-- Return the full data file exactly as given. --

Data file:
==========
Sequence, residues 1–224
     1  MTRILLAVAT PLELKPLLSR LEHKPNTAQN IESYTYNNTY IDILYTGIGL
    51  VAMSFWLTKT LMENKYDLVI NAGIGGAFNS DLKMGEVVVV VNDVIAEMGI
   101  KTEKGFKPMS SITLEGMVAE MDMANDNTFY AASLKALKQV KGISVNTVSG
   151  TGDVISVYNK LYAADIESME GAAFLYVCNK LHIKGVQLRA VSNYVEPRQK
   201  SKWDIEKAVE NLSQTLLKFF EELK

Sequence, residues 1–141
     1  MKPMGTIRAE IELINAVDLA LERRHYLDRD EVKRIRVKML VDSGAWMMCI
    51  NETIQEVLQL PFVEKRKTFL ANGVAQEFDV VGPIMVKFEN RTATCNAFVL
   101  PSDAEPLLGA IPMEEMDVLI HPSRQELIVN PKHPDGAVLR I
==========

Sequence, residues 1–224
     1  MTRILLAVAT PLELKPLLSR LEHKPNTAQN IESYTYNNTY IDILYTGIGL
    51  VAMSFWLTKT LMENKYDLVI NAGIGGAFNS DLKMGEVVVV VNDVIAEMGI
   101  KTEKGFKPMS SITLEGMVAE MDMANDNTFY AASLKALKQV KGISVNTVSG
   151  TGDVISVYNK LYAADIESME GAAFLYVCNK LHIKGVQLRA VSNYVEPRQK
   201  SKWDIEKAVE NLSQTLLKFF EELK

Sequence, residues 1–141
     1  MKPMGTIRAE IELINAVDLA LERRHYLDRD EVKRIRVKML VDSGAWMMCI
    51  NETIQEVLQL PFVEKRKTFL ANGVAQEFDV VGPIMVKFEN RTATCNAFVL
   101  PSDAEPLLGA IPMEEMDVLI HPSRQELIVN PKHPDGAVLR I